Serendipita Species from Australian Native Orchids and their Impacts on Tomato Growth and Protection Against Powdery Mildew

PhD Thesis

AL-Hidmi, Tareq. 2021. Serendipita Species from Australian Native Orchids and their Impacts on Tomato Growth and Protection Against Powdery Mildew. PhD Thesis Doctor of Philosophy. University of Southern Queensland.

Serendipita Species from Australian Native Orchids and their Impacts on Tomato Growth and Protection Against Powdery Mildew

TypePhD Thesis
AuthorAL-Hidmi, Tareq
1. FirstA/Pr John Dearnaley
2. SecondDr Bree Wilson
2. SecondProf Levente Kiss
Institution of OriginUniversity of Southern Queensland
Qualification NameDoctor of Philosophy
Number of Pages261
PublisherUniversity of Southern Queensland
Place of PublicationAustralia
Digital Object Identifier (DOI)

Most plants form symbiotic associations with mycorrhizal fungi, which provide water and inorganic nutrients to the host and in exchange obtain plant-derived carbohydrates for their own growth. Fungi in the Serendipitaceae form mycorrhizal associations with a wide variety of plant species including grasses, orchids, ericoids and bryophytes. Serendipita indica is the most extensively studied species in the Serendipitaceae, due to its ease of culture on artificial media and its ability to colonise the roots of various plant species. Previous studies have shown that colonisation with S. indica enhances the growth of the shoots and roots of many plants and protects plants against biotic and abiotic stresses. The first aim of this project was to isolate and identify Serendipita spp. from native Australian orchids including Caladenia spp. and Bulbophyllum spp. in south east Queensland. Five known Serendipita spp. were isolated from seven Caladenia species and identified using morphological and molecular methods. Two likely new species of Serendipita were also isolated from Bulbophyllum schillerianum and B. bracteatum. The fungal isolates from B. minutissimum and B. shepherdii also included endophytic Preussia and Tulasnella respectively. Inoculating plants with a recently described Serendipita species, S. whamiae, increased the fresh weight of tomato and improved immunity against the powdery mildew pathogen, Golovinomyces lycopersici. Semi-quantitative RT-PCR analysis showed no difference in the expression of nutrient transporters between Serendipitacolonised tomato and non-colonised plants. In Serendipita-colonised plants challenged with powdery mildew, there was inconsistent expression pattern of a β-1,3-glucanase gene and no expression in chitinase, callose 11 synthase, phenylalanine ammonia lyase and JA-Lipoxygenase genes. Serendipita inoculants may represent an alternative eco-friendly and non-chemical approach for enhancing plant growth and pathogen control in agriculture and horticulture.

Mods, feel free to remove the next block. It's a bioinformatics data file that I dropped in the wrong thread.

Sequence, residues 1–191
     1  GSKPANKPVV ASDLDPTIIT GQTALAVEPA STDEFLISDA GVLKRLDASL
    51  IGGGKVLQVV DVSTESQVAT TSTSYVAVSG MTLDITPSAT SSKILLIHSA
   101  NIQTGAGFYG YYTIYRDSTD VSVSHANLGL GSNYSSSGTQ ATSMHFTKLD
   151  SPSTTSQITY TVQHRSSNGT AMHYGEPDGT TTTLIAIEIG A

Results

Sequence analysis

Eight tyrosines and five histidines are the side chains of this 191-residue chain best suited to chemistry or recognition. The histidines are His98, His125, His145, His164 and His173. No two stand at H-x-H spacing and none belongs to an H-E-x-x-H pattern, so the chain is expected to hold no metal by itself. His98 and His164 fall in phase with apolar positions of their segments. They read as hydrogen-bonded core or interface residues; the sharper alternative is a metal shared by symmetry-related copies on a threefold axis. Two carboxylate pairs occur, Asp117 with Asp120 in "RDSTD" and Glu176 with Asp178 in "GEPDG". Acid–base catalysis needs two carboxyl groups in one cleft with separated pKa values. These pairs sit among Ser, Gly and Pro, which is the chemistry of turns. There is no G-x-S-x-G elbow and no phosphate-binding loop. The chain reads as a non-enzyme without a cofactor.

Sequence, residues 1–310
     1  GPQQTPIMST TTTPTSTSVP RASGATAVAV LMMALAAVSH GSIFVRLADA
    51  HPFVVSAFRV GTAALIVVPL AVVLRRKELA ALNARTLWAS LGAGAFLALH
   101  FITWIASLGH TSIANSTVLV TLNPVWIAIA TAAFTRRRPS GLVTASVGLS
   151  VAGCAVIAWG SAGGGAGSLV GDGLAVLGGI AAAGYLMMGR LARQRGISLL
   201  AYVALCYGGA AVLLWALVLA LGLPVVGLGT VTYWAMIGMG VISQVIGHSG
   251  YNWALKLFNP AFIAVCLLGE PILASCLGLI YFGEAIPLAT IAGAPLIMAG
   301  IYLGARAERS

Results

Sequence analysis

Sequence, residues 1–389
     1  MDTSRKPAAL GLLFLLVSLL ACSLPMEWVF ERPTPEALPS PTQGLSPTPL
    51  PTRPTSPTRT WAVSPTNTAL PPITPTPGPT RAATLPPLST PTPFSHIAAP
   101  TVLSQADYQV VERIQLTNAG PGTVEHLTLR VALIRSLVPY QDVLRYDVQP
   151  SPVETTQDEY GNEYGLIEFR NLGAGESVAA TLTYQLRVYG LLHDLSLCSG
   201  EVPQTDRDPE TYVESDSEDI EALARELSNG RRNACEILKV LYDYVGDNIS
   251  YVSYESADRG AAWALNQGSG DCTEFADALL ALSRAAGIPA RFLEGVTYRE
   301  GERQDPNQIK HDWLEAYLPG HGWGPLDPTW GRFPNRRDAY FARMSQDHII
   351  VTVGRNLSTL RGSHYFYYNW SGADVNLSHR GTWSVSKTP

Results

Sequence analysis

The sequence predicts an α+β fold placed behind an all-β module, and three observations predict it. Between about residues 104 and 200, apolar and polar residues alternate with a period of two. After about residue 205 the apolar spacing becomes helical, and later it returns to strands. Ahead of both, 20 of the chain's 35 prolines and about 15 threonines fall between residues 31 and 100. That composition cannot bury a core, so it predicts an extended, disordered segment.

KeywordsSerendipita, Mycorrhiza, Orchid, Tomato, Powdery Mildew, Bulbophyllum
ANZSRC Field of Research 2020300409. Crop and pasture protection (incl. pests, diseases and weeds)
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Byline AffiliationsCentre for Crop Health
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